We are pleased to bring you a substantial update to “Going Public: A Guide to U.S. IPOs for Founders, Officers, Directors and Other Market Participants,” which provides a complete overview of the U.S. IPO process for these and other market participants.

This edition expands on developments relating to:

  • Environmental, Social, and Governance (ESG) trends
  • Direct

Over the weekend, former Vice President Joseph R. Biden, Jr. was declared the winner of the U.S. presidential election. Although President Trump has yet to concede and press reports suggest he will continue to make his case in court, thoughts have turned to what the Biden administration will mean for federal regulation of business and finance.

In many ways, the future will depend on whether the centrist, coalition-building Biden of yesteryear will show up, or if he will embrace the more progressive wing of the Democratic party that has since grown in influence. Below we lay out our initial reactions on how the Biden presidency is likely to reshape the corporate landscape.
Continue Reading What to Expect From the Biden Administration

Special purpose acquisition companies or “SPACs” are an increasingly popular way for an existing private company to become publicly traded without undergoing a traditional initial public offering, and for investors in public markets to invest in growth-stage companies. There can be generous returns for SPAC sponsors, but they should be aware of the liability risk

Late last week – for the first time in 40 years – the SEC announced a settlement of an internal controls case against an issuer arising from its repurchase of its own shares. The SEC found that Andeavor bought back $250 million of stock without first engaging in an adequate process to ensure that the

On September 23, the SEC voted 3-2 to amend certain of the procedural requirements for the inclusion of shareholder proposals in a company’s proxy statement under Exchange Act Rule 14a-8. The amendments were adopted substantially as proposed in November 2019, except for the so-called “momentum” provision, which would have permitted companies to exclude shareholder proposals

On August 26, the SEC revised several disclosure requirements applicable to reporting companies. The amendments embrace a “principles-based” approach in the hope that it will elicit more focused and useful disclosures.  They will also require issuers to focus on human capital disclosures and on the organization of risk factor disclosures, and some will have to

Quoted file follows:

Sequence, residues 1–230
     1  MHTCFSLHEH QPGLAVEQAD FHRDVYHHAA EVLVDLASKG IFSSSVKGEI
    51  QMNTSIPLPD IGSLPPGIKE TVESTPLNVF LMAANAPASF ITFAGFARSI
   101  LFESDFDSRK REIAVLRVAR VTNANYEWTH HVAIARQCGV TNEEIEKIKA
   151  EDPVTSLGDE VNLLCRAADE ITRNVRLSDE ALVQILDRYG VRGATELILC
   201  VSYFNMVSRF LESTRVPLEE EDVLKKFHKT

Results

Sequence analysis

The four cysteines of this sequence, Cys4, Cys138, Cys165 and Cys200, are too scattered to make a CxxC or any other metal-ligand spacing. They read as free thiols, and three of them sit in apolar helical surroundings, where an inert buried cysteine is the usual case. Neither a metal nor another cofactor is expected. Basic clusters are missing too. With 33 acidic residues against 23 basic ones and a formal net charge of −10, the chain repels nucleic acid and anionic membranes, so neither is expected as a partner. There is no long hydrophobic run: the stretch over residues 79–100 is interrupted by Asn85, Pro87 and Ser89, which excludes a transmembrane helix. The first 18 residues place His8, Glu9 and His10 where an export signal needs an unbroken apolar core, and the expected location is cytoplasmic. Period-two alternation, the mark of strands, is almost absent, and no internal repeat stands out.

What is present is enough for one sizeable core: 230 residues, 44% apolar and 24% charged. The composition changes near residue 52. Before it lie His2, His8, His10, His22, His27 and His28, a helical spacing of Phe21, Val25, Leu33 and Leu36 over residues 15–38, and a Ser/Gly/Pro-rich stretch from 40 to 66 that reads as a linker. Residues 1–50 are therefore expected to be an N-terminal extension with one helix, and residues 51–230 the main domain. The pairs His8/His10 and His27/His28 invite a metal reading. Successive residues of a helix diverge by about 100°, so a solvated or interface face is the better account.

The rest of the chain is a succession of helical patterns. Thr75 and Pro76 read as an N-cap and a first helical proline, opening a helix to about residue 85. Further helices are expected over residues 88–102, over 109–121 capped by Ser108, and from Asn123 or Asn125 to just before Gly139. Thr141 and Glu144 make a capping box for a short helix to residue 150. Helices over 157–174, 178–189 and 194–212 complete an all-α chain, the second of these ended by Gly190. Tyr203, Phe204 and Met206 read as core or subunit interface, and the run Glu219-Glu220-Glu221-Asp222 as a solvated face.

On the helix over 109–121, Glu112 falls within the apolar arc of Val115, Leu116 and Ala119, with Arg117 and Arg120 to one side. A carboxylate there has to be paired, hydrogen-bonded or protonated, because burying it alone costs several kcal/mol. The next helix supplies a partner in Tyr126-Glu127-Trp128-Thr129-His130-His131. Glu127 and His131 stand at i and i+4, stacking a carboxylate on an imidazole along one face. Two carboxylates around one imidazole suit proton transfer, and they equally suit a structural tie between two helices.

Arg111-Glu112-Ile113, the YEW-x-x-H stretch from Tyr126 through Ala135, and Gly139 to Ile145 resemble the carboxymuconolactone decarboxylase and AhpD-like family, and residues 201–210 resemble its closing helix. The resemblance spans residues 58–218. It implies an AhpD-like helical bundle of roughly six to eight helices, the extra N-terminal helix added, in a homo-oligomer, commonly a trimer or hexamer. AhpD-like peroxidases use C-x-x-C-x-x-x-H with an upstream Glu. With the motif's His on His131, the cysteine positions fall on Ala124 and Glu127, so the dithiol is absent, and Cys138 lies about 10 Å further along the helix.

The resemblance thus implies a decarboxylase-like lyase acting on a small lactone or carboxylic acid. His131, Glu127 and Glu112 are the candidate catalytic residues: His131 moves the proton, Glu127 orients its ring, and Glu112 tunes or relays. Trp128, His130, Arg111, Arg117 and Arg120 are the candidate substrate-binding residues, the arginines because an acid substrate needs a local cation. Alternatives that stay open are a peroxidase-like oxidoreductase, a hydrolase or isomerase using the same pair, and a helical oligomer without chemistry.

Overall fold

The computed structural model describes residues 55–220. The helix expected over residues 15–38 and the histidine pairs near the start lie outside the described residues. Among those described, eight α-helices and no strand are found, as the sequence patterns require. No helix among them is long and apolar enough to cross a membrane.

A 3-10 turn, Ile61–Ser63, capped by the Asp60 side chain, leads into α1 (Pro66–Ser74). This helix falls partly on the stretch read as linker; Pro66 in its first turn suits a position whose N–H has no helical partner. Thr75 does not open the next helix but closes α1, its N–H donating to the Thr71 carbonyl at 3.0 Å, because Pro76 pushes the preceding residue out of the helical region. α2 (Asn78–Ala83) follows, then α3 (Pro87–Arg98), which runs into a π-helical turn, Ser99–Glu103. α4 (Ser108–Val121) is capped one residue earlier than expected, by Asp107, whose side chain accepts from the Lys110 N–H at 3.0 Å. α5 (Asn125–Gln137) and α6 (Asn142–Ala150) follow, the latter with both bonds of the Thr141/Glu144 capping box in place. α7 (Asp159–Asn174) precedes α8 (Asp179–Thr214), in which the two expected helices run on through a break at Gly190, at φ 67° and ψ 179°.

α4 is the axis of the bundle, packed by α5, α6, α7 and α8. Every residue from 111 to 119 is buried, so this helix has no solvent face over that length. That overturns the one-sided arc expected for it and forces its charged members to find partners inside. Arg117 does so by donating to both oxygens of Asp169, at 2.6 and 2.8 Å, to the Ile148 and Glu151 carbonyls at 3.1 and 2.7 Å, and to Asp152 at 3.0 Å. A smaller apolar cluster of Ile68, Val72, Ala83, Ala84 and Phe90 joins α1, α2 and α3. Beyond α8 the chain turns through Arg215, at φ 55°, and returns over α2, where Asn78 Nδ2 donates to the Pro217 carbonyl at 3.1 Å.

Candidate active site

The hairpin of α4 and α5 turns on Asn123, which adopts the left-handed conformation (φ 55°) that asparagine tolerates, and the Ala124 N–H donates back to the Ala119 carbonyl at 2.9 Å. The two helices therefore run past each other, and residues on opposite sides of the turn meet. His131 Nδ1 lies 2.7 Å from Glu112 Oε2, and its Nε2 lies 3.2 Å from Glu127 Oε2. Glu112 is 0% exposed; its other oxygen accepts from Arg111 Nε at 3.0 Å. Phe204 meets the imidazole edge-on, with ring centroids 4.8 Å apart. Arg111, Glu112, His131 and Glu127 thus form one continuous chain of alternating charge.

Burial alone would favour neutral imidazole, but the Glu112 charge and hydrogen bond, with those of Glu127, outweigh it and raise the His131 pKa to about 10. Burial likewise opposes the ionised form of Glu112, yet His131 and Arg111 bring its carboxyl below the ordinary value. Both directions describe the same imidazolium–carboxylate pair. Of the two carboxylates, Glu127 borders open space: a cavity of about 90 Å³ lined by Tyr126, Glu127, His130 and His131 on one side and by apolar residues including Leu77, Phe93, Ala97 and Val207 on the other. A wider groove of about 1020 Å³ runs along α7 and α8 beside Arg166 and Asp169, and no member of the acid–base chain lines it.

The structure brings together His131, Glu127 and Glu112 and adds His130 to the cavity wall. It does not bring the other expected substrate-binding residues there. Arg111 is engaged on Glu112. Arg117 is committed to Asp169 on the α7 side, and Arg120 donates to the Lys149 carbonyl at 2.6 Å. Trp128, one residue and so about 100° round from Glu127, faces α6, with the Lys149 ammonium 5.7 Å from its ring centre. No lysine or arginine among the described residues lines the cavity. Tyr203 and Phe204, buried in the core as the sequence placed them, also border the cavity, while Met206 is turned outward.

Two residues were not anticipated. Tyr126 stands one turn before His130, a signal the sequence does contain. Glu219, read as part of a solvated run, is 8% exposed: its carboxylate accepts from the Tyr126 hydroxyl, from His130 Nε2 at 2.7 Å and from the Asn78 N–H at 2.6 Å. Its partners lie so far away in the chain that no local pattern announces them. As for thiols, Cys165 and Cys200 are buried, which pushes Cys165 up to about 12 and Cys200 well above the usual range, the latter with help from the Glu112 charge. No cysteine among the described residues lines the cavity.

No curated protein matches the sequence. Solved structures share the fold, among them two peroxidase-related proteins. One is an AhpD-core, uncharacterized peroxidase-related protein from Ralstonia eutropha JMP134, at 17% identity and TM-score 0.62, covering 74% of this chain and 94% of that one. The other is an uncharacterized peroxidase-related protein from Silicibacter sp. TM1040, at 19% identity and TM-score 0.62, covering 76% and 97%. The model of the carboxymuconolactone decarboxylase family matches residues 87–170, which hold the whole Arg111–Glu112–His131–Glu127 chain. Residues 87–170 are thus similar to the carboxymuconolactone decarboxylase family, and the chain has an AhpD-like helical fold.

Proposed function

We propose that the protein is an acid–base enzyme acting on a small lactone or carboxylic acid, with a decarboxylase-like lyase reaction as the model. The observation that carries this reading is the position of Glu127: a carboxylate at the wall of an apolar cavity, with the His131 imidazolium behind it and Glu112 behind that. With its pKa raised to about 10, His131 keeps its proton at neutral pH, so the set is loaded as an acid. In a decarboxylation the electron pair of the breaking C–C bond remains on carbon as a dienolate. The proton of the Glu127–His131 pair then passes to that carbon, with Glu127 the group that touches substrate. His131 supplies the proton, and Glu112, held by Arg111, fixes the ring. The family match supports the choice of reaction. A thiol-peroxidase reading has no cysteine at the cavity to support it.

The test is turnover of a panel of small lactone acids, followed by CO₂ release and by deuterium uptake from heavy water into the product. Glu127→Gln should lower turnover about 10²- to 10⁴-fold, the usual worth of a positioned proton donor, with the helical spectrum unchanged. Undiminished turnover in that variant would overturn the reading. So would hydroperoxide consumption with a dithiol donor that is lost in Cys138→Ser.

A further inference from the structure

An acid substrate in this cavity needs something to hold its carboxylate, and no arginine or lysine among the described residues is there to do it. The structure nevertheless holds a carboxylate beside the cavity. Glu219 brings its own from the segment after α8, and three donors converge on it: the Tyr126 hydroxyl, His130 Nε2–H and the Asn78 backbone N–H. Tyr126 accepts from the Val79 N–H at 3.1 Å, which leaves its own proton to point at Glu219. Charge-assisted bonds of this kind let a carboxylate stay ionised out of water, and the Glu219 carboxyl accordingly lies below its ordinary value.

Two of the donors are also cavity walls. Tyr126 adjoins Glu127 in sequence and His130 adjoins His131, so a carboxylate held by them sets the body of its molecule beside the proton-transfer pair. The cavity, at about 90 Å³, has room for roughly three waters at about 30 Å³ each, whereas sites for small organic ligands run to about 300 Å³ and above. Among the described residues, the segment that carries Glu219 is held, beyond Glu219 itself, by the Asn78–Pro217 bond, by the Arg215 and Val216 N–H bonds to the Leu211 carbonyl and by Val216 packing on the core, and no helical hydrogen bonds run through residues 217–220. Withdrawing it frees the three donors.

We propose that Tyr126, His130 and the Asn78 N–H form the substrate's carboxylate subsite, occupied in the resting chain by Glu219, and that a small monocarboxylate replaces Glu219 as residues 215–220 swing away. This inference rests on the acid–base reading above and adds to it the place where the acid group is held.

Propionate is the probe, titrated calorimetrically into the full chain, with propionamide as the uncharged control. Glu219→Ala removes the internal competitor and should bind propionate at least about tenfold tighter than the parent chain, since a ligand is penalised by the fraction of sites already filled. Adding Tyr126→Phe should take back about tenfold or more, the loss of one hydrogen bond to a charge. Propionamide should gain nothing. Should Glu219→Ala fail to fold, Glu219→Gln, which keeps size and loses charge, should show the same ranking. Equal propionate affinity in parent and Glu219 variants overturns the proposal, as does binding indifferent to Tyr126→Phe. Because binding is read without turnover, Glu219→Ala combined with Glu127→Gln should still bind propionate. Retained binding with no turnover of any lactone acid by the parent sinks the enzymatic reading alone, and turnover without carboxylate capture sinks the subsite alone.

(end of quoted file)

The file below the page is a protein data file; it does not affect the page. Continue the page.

On July 23, 2020, The Conference Board and Cleary Gottlieb Steen & Hamilton LLP hosted a panel discussion on the 2020 proxy season highlights and trends, including the impact of COVID-19 on the 2020 proxy season and offseason engagement. The panelists were Francesca L. Odell, Partner, Cleary Gottlieb, Helena K. Grannis, Counsel, Cleary Gottlieb and Rick E. Hansen, Assistant General Counsel and Corporate Secretary, General Motors Company. The panel was moderated by Paul Washington, Executive Director, ESG Center, The Conference Board.
Continue Reading Cleary Gottlieb Participates in Panel Discussion on Highlights of the 2020 Proxy Season

For more than a decade, the SEC has been wrestling with whether and how to regulate the activities of the proxy advisory firms – principally ISS and Glass Lewis – that have come to play such an important role in shareholder voting at U.S. public companies.  On July 22, 2020, the SEC adopted rules and

The Securities and Exchange Commission held a roundtable on July 9, 2020 on investing in emerging markets.

Participants with a very wide range of perspectives addressed three concentric circles of topics:

  • At the core is the regulatory impasse between the United States and China over the ability of the Public Company Accounting Oversight Board (PCAOB)

ISS and Glass Lewis have arrogated to themselves the power to make law, promulgating a civil code of astounding breadth and detail, ruling over decisions on board composition, director qualifications, term limits, majority voting standards, executive compensation, capital structure, poison pills, staggered boards, the advisability of  mergers, spin-offs and recapitalizations, and, increasingly, ESG policies ranging from animal welfare to climate change, diversity, data security and political activities.  They enforce this civil code by advising their clients, institutional investors with huge, varied and increasingly concentrated holdings across the economy, to vote against proposals or against directors if any aspect of the new civil code is disobeyed.  The vote of these clients is often decisive, and the implications of the votes – especially when considered in the aggregate – have far-reaching consequences for the operation and performance of US public corporations.
Continue Reading The New Civil Code: Obey